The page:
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Colleen Collins is vice-president of the Canada West Foundation

If one were to look back to review the biggest political mistakes in Canadian history, the National Energy Program (NEP) imposed in 1980 would rank pretty high on any list. Not only was it disastrous economically for the West – it was disastrous in terms of national unity. It cemented what had been an already growing distrust of Ottawa, Montreal and Toronto by many in the West. It took the then-government five years, and only after great harm, to realize just how much of a mistake it was before it was dismantled.

Yet here we are, a generation later, and the son of the man behind NEP1 has succeeded in creating NEP2. The reaction in the West is at least as bad as it was the first time. The big question is whether it will take five years for this government to realize its mistake, or whether it might fix the mess sooner. Because fix it, it can – and most certainly should.

The infamous Bill C-69 – now the Impact Assessment Act (IAA) and Bill C-48, known as the “just one part of just one coast” tanker ban are widely seen, by impartial legal experts as well as the global investment community, as no-more-pipelines legislation. Whereas the tanker ban is particularly egregious – indefensible – and should be reversed, Bill C-69/IAA is much more complicated. We at the Canada West Foundation have, in fact, supported its stated intentions – including better environmental protections and respect for Indigenous rights when planning and building any new major infrastructure. But the road to hell is paved with good intentions. And it’s pretty hellish in the West right now.

Good intentions that were “too big,” “too ideological” and done “too fast” have led to legislation that is rife with problems – including massive government discretion rather than regulatory independence, and major loopholes just asking for court challenges. It’s not just pipelines. The IAA applies to most major infrastructure projects – not just energy. Left as is, this could prevent virtually any infrastructure project in Canada from being built – including, for example, flood-mitigation projects or transmission lines needed for the push to electrification.

Combined with rhetoric from Prime Minister Justin Trudeau on down about the need to “fight” the oil industry, or “phase it out,” this is most certainly seen in Alberta and Saskatchewan as “keep it in the ground” legislation – a way to keep any our energy resources from being extracted and sold to the world, despite growing global demand, and despite the extraordinary efforts in the industry that are leading Canadian oil and gas to be among the cleanest in the world. Just as with the original NEP, many in Alberta and Saskatchewan see this as Ottawa thwarting the economic ambitions of the West.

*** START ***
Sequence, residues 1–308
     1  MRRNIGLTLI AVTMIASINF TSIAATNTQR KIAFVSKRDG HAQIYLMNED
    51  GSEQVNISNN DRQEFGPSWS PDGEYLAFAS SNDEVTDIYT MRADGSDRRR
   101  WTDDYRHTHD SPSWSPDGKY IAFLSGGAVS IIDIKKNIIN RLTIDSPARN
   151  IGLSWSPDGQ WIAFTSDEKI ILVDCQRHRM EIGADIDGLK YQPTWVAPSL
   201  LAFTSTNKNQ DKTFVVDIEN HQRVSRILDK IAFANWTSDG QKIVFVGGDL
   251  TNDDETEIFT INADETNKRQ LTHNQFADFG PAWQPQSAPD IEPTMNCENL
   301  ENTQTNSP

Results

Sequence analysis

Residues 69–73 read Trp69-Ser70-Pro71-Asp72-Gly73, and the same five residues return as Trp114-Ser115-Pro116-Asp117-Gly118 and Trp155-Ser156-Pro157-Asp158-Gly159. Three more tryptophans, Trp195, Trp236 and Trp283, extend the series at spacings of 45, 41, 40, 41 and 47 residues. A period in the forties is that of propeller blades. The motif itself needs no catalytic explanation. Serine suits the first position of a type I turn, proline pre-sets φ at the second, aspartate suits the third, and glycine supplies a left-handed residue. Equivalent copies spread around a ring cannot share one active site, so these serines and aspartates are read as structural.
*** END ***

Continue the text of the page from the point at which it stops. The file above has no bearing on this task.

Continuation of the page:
In effect, NEP2.

Imagine if a few decades ago, the federal government in Ottawa said to Hydro-Québec and the Quebec government that, due to (legitimate) environmental concerns around damming rivers, and (legitimate) concerns about Indigenous rights of the region’s Cree and Inuit populations, Ottawa was going to deny Quebec the ability to build the James Bay project. That alone would have been more than enough to have pushed Quebec out of Canada. The frustration in the West is very, very real.

So what can be done?

The IAA need not be reversed – indeed, we advise against it. There are improvements to the prior legislative regime that should be retained. But there are some key changes that can and should be made. Changes that should not be seen as ideological, that would reduce neither the protection of the environment or respect for Indigenous rights contained in the bill. Rather, we recommend changes to ensure regulatory independence from government (political discretion being a major hindrance to investment), and removal of (unintended) loopholes that can and will be abused by those for whom “no” at any cost is the only option to create never-ending court challenges.

Changes that are win-win for the environment, Indigenous rights and the economic and social prosperity of the West – and, by extension, Canada.

Let’s hope that it won’t take five years.